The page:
• Organic Consumers Association: an online, grassroots nonprofit public interest organization campaigning for health, justice, and sustainability. The OCA deals with crucial issues of food safety, industrial agriculture, genetic engineering, children’s health, corporate accountability, fair trade, environmental sustainability, and other key topics. 
  • Slow Food USA: a global, grassroots movement with thousands of members, which links the pleasure of food with a commitment to community and the environment. From this site, look for a Slow Food chapter in your local area, and check out any upcoming events.

Specific Foods: Industrial Production vs. Your Alternatives


  • The Astonishing Story of Milk: Learn about the modern dairy cow, what’s in supermarket milk, and how much more delicious and nutritious milk can be.
  • The Best Eggs to Buy and Eat: my breakdown of which eggs are best for you, our planet and the hens.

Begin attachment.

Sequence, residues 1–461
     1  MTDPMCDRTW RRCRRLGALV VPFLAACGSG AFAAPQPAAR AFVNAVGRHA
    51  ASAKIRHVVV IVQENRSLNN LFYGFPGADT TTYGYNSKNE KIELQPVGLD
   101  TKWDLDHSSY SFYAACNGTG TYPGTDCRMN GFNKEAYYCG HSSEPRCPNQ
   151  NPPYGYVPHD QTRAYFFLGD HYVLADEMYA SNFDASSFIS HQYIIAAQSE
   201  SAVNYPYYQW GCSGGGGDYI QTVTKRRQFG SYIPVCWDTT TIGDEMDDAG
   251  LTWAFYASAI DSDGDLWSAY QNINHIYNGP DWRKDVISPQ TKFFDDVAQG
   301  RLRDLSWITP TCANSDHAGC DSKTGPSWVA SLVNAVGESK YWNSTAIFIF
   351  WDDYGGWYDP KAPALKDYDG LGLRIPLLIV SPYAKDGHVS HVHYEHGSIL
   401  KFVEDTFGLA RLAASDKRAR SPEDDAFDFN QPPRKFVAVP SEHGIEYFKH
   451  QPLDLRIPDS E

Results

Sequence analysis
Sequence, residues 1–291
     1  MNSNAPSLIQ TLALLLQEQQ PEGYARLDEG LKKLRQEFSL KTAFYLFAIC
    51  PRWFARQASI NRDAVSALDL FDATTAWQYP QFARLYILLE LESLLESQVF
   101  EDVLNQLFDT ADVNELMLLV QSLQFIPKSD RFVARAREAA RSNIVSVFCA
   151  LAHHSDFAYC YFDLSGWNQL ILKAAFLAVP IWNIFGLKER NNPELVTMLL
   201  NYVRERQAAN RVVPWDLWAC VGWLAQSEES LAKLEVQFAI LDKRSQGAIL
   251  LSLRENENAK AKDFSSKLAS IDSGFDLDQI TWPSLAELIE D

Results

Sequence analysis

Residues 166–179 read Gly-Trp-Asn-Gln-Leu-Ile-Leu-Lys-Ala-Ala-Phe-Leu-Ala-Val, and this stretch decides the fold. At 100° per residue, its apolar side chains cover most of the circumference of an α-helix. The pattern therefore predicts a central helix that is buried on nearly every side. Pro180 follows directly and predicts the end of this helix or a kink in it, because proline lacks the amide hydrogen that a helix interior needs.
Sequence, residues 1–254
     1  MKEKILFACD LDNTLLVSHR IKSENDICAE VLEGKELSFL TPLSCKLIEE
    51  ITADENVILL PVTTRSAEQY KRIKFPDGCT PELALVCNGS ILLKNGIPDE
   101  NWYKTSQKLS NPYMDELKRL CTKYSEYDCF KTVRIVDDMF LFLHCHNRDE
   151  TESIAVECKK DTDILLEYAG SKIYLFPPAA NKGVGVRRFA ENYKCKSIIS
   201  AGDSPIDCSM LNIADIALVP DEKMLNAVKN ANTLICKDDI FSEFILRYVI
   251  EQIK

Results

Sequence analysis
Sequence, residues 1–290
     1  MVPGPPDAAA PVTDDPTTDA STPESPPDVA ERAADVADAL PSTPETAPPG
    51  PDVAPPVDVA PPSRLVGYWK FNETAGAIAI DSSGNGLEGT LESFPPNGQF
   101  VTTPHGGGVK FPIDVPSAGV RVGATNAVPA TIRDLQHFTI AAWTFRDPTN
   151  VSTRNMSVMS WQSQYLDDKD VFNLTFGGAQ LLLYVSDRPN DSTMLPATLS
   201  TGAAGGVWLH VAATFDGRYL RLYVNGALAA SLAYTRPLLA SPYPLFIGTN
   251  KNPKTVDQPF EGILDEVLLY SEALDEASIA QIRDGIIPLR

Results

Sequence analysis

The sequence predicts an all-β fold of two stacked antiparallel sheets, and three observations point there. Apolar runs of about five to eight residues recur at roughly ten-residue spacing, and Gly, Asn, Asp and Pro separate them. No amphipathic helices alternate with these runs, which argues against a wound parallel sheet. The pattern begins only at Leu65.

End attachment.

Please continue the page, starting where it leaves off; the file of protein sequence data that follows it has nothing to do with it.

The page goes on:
• Fresh Food Reflections: information about pesticide residues, choosing certified-organic produce, and finding healthy, sustainable fruits and vegetables.
  • Grass-Fed Basics: information about pasture-based vs. grain-fed (mainstream) livestock.
  • The Threats from Genetically Modified Foods: Genetically modified foods and crops pose serious threats to human and animal health, and an alarming amount of food products on grocery-store shelves contain genetically modified ingredients. Learn more here.

Top photo by Flickr/AuthenticEccentric; book cover by Random House; canning photo by Shelley Stonebrook; eggs by Flickr/woodleywonderworks